A Peaceful Faith, A Fanatic Few: More Than 1 Billion Faithful Believers Trust in the Compassion and Power of Allah. What Is It in the Religion of Islam That Turns a Few Extremists to Terrorism?
Woodward, Kenneth L., Newsweek
Islam: even the sound of this lovely Arabic word, which means "surrender," conveys the promise of peace, justice and harmony that comes to those who do the will of God. It is a word that defines the faith of more than 1 billion people, and embodies the aspirations of Muslim societies from the west of Africa across a wide arc to the islands of Indonesia. It also expresses the vision of the Quran, the very words of God--so Muslims believe--revealed to the last of His prophets, Muhammad. Why, then, should it inspire some Muslims to acts of unspeakable violence and terrorism?
Make no mistake. Though an act of war was committed against the United States last week, we are not witnessing regression to an era of religious warfare. The vast majority of Muslims, Arab and non-Arab alike, deplore the slaughter of thousands of civilians that took place in New York City and Washington, D.C. "It violates the very foundations of Islamic law," says Imam Yahya Hendi, Muslim chaplain at Georgetown University, a Jesuit school. Nor are we witnessing a clash of civilizations. On the contrary, the United States is one place in the world where Jews and Christians and Muslims alike can live in peace with each other.
In moments of crisis like the present one, Muslims are quick to stress their bonds with Jews and Christians. Islam recognizes figures like Abraham and Moses and Jesus as prophets of the one God, Allah. Muslims study the Quran like others study the Bible, but they also look to the ahadith, or sayings and stories of Muhammad, for guidance. As Islam evolved into a great medieval civilization, various schools developed to interpret those passages in the Quran that are contradictory or unclear. Like other religions, Islam has its divisions and sects. The Shiites, for example, dominate Iran, where they have developed a hierarchy of clerical authority--the ayatollahs--roughly similar to Roman Catholicism. By contrast, the majority of Sunni Muslims are rather like Protestants in their stress on individual interpretation of the faith. And then there are the great Sufi saints and poets like Rumi who give Islam its mystical dimension.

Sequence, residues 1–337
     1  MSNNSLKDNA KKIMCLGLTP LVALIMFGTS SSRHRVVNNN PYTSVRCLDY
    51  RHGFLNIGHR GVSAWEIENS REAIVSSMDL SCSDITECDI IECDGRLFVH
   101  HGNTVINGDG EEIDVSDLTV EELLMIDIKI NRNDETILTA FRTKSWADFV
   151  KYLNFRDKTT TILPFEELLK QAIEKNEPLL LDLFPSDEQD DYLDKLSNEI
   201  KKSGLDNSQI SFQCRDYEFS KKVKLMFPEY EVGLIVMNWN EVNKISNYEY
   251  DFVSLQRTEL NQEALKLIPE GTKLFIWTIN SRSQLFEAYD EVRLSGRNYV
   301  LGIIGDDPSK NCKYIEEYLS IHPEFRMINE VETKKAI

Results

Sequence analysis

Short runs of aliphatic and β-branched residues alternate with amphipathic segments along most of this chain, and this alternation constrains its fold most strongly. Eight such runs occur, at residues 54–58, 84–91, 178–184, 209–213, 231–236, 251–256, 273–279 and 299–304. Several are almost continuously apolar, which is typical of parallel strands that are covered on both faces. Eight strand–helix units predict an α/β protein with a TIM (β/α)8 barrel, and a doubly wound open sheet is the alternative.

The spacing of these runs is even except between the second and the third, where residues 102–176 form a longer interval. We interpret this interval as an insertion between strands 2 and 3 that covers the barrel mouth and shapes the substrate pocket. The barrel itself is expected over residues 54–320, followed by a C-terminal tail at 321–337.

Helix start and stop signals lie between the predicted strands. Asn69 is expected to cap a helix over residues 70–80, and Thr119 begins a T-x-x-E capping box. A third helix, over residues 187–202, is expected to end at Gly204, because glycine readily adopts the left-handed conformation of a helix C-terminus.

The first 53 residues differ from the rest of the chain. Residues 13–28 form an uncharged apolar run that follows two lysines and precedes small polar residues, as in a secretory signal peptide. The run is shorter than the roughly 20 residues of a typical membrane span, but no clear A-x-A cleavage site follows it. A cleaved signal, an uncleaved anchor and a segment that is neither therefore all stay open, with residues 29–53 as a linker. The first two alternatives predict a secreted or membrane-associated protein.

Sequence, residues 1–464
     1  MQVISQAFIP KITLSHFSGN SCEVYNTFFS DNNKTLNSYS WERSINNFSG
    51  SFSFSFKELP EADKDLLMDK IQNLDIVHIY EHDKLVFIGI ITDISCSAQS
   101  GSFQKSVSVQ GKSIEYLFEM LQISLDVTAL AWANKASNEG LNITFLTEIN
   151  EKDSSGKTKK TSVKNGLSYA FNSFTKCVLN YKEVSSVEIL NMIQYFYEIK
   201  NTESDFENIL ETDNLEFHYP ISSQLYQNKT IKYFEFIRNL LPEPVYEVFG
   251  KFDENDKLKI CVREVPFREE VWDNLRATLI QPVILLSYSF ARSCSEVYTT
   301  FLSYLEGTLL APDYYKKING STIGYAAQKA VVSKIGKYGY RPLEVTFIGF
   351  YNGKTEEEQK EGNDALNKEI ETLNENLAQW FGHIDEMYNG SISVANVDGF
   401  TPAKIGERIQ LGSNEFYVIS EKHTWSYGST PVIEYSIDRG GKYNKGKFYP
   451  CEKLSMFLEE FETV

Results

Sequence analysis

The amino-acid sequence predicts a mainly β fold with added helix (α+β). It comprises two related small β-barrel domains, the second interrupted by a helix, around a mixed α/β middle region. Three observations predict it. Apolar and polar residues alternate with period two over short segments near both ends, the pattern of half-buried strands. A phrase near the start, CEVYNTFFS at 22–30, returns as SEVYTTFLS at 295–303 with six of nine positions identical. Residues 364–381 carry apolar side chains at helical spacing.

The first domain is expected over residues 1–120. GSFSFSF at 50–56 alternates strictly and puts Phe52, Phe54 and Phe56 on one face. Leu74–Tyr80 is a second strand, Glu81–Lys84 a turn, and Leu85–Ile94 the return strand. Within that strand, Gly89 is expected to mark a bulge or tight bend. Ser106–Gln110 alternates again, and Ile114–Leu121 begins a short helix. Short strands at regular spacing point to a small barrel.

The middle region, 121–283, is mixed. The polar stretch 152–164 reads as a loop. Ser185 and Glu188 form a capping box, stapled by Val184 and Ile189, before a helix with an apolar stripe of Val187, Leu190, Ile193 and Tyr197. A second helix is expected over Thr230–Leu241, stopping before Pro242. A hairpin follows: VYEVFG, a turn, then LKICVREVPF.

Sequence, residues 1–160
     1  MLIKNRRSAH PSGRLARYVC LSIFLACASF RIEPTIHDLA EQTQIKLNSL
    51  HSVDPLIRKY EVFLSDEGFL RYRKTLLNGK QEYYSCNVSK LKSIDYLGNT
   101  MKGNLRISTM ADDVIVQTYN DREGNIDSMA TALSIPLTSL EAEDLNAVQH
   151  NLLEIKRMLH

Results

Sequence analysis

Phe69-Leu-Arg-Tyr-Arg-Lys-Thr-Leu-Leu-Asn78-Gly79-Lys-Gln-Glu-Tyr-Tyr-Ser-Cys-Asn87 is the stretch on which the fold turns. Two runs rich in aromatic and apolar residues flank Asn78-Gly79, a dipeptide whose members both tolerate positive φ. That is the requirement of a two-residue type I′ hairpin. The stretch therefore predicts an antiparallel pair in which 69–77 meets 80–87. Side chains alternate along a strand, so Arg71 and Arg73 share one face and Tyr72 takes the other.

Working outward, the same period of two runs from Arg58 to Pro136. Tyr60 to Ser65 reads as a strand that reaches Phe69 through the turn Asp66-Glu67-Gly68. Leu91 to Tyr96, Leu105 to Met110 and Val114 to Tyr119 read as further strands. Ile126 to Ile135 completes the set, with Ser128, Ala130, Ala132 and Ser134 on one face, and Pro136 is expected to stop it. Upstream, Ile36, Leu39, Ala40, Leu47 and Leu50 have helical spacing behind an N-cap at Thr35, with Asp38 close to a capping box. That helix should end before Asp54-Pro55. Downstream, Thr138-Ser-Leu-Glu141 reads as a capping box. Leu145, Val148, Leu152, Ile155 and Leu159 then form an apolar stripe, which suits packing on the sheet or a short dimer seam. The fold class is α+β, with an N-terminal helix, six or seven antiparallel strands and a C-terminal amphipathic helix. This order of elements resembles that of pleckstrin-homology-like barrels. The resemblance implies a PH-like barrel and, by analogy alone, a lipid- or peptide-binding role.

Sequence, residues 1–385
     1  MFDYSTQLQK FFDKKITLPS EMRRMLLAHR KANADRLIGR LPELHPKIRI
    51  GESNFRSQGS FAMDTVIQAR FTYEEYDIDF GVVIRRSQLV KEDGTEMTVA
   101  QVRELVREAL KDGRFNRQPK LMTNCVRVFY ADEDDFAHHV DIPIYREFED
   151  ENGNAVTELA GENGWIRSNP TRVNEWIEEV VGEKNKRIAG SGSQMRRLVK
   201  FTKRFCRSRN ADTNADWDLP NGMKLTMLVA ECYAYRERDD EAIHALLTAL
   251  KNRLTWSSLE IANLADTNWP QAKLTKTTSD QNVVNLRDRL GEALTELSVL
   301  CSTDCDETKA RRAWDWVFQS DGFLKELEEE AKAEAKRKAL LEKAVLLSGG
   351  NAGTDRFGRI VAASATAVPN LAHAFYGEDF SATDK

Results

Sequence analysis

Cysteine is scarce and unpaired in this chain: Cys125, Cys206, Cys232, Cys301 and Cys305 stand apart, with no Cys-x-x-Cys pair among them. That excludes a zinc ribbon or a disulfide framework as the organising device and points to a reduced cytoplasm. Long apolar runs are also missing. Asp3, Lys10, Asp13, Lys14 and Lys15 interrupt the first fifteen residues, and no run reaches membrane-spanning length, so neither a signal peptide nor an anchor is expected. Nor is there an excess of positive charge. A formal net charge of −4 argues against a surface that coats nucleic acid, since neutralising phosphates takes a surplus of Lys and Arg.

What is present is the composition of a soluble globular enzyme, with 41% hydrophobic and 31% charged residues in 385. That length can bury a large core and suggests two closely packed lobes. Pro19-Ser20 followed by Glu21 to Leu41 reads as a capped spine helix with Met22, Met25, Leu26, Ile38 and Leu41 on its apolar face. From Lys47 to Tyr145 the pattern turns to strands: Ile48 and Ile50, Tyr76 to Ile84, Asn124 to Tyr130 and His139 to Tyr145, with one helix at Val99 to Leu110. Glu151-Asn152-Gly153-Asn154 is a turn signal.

Nonetheless, all Muslims observe certain fundamental practices such as prayer five times a day, fasting, almsgiving and pilgrimage to the holy shrine of Mecca. They also share the ideal of creating Muslim societies based on the Sharia, or Muslim law. In such a utopia, Islamic principles would govern every aspect of personal and social behavior. But there's the rub: since the perfect Muslim society has yet to be created, Muslim fundamentalists and other purely political dissidents can--and have--declared various modern Muslim governments illegitimate. Indeed, the crisis the United States faces is a product of a crisis of legitimacy within the Islamic world itself.
The violence that exploded over New York City began in the back alleys of Beirut, Cairo, Jerusalem--wherever Muslim extremists discerned the power of the United States behind their more immediate enemies. For nearly three decades, the Arab world has witnessed a broad Islamic revival that established Muslim governments have systematically repressed. In moderate Muslim nations, governing elites welcome Western support and the secular culture that goes with it. These elites have suppressed or co-opted the popular revivalist movements--thus opening the way for radical freelance sheiks and their terrorist networks. Experts like Daniel Pipes call the extremists "Islamists," meaning ideologues who "politicize their religion," and, like latter-day Leninists, turn the Sharia into a "blueprint for establishing a coerced utopia."
In Algeria, for example, when the Islamic Salvation Front threatened to win electoral victory a decade ago, the military government canceled further elections and imposed martial law. In Egypt, the government has used torture to suppress a similar Islamist revival. "Extremists see the U.S. government propping up states they regard as Muslim in name only," says Scott Appleby, a historian of religion at the University of Notre Dame, "and doing so to further their own geopolitical interests. …